Pianist James Austin, Jr.: From Stevie Wonder to Cole Porter

Pianist James Austin, Jr. has received quite a bit of acclaim for his 2018 album, Songs in the Key of Wonder, honoring the music of Stevie Wonder. But, at the NJJS Jazz Social on Sunday, January 19, at Shanghai Jazz in Madison, Austin demonstrated a great deal of versatility.

From left, Jeremy Warren, Dishan Harper, James Austin, Jr., and Charlie Sigler play in front of a packed house. Photo by David Dilzell.

Pianist James Austin, Jr. has received quite a bit of acclaim for his 2018 album, Songs in the Key of Wonder, honoring the music of Stevie Wonder. But, at the NJJS Jazz Social on Sunday, January 19, at Shanghai Jazz in Madison, Austin demonstrated a great deal of versatility. Yes, he played several Wonder tunes — “My Cherie Amour”, “Tuesday Heartbreak”, and “Isn’t She Lovely”. But his repertoire also included Cole Porter’s “What Is This Thing Called Love?”, Dizzy Gillespie’s “Con Alma”, and Juan Tizol’s “Caravan”, among others.

The joint was jumping. As one attendee said, “This was a killer concert!” Austin was joined by guitarist Charlie Sigler, bassist Dishan Harper, and drummer Jeremy Warren. The quartet, although never having been together as a foursome, sounded like a seasoned unit. Of course, Austin and Warren are used to being on the same bandstand to accompany the young vocalist Alexis Morrast. Warren is a frequent band mate of tenor saxophonist/flutist Don Braden, having been part of his big band concert last December at the Bickford Theatre in Morristown and also appearing on Braden’s album, Earth Wind and Wonder. Sigler was recently at the Tavern on George with bassist Vincent Dupont and drummer Alvester Garnett as part of the New Brunswick Jazz Project’s series; and Harper often plays with his uncle, drummer Winard Harper.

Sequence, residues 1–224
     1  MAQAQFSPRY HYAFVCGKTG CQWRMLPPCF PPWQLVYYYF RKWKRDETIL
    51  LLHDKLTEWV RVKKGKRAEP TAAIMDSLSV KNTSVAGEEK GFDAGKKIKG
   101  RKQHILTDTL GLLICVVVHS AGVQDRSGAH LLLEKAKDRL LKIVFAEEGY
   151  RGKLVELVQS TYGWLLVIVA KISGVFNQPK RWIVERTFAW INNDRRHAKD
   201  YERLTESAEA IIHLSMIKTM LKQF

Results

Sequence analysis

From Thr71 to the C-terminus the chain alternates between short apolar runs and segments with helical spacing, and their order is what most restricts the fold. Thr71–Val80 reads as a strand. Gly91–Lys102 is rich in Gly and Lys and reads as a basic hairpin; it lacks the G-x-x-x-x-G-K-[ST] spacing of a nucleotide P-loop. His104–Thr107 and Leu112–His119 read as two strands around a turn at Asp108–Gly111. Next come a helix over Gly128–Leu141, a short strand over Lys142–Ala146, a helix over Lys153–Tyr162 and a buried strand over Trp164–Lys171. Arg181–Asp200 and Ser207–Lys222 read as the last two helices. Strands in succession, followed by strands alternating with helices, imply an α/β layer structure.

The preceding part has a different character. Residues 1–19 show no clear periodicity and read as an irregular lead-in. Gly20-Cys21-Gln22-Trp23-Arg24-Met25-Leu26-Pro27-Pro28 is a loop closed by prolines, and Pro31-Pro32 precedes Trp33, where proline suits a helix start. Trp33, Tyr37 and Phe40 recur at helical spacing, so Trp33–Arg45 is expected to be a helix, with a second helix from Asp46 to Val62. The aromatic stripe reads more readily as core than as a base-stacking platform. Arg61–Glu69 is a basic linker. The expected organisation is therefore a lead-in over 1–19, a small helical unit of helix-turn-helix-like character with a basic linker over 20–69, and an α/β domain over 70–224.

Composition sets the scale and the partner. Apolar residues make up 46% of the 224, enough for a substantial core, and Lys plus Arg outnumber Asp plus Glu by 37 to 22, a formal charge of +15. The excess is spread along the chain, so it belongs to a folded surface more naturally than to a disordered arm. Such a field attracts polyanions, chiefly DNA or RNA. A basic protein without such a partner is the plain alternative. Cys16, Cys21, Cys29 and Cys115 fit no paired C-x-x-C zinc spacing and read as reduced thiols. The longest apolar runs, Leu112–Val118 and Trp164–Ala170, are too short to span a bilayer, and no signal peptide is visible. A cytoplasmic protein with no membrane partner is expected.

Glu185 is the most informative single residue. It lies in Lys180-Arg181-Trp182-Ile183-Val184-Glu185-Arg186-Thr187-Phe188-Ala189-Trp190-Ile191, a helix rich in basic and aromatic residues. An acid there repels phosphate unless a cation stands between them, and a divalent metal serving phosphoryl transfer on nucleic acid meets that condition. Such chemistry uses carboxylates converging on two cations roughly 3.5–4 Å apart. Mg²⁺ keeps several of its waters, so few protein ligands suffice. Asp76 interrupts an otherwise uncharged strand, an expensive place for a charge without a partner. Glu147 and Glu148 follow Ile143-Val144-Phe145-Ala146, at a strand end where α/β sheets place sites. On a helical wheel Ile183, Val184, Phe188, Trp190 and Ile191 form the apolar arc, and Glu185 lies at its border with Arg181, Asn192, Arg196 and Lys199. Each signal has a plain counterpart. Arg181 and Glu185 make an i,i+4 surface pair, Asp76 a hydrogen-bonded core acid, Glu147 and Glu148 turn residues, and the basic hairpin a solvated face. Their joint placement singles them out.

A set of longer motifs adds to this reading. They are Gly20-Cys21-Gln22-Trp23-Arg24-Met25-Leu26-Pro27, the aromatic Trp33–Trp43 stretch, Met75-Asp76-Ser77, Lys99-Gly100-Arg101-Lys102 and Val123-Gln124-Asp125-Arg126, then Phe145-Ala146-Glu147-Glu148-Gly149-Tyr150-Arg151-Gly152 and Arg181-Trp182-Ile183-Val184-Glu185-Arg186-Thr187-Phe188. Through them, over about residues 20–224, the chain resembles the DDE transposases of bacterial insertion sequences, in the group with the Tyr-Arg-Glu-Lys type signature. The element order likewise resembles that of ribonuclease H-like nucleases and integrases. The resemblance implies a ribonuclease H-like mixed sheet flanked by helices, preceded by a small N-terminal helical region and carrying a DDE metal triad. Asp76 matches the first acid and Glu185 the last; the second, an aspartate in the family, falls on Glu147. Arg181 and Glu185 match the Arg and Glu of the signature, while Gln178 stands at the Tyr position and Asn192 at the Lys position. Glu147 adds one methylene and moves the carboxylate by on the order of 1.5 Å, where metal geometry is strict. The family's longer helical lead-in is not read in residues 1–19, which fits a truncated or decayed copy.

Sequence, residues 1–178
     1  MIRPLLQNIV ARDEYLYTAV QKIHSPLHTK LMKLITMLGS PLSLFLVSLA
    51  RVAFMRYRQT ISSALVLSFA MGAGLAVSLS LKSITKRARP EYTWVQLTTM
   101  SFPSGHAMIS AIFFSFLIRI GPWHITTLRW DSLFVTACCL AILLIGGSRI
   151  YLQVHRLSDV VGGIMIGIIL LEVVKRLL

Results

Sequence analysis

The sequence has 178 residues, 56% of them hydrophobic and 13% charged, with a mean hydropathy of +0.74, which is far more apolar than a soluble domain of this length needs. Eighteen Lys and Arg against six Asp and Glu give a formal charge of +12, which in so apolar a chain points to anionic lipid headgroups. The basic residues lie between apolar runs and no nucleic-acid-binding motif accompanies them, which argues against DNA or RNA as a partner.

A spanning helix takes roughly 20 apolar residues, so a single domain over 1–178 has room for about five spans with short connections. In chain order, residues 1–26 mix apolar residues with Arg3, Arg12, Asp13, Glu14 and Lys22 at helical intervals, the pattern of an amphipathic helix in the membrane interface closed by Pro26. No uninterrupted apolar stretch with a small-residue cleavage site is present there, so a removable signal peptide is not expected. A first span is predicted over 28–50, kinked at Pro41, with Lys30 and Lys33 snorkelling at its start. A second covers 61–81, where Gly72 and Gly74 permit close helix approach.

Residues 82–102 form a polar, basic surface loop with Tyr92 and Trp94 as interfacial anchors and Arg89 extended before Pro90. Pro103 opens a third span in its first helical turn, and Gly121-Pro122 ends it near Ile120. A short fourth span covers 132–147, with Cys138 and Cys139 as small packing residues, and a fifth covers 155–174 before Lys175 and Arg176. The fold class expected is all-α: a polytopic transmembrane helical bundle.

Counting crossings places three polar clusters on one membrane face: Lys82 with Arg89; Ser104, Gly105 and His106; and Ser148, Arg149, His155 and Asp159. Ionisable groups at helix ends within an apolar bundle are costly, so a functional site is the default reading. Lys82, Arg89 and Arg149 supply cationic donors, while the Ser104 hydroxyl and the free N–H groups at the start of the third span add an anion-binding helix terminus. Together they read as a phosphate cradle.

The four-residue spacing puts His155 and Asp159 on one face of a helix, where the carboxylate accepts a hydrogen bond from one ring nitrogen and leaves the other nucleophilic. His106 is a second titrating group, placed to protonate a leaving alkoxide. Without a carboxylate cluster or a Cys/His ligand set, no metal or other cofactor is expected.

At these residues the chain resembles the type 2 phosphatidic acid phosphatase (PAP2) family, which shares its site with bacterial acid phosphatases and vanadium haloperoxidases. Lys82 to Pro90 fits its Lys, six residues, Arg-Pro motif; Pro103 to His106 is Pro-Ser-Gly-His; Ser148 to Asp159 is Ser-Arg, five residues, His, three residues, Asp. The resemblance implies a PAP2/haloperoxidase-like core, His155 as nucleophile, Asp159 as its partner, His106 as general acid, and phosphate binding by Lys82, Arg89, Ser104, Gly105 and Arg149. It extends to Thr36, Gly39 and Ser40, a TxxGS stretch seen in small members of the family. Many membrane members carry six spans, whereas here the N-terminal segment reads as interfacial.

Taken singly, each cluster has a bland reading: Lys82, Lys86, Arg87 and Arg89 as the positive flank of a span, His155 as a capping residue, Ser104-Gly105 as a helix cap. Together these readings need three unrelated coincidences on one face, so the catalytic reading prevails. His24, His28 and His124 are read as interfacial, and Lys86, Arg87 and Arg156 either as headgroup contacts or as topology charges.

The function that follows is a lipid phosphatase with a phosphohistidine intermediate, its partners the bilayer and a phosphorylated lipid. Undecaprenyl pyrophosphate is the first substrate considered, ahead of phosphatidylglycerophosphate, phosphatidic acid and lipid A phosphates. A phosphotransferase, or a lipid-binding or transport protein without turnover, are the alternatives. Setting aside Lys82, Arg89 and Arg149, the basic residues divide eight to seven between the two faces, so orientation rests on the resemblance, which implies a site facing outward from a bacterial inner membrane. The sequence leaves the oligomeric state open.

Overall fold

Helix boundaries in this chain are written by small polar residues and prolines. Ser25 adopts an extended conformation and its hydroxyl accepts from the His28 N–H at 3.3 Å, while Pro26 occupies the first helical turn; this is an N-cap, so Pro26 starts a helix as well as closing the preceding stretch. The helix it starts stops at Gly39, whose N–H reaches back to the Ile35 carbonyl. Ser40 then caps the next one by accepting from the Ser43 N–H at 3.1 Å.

Reviewing Austin’s Wonder album, JazzTimes’ Geannine Reid wrote of his “delicate touch”, which is “emotive and heartfelt”. Perhaps his next album will explore American Songbook standards or tunes from the hard bop era. Either one would be very welcome.

The next NJJS Social, on February 16, will feature young alto saxophonist Alex Laurenzi with a rhythm section of musicians from the Juilliard Jazz program. See the preview on the njjs.org home page.

Jersey Jazz

The New Jersey Jazz Society (NJJS) is a non-profit organization of business and professional people, musicians, teachers, students and listeners working together for the purpose of advancing jazz music.

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The New Jersey Jazz Society (NJJS) is a non-profit organization of business and professional people, musicians, teachers, students and listeners working together for the purpose of advancing jazz music.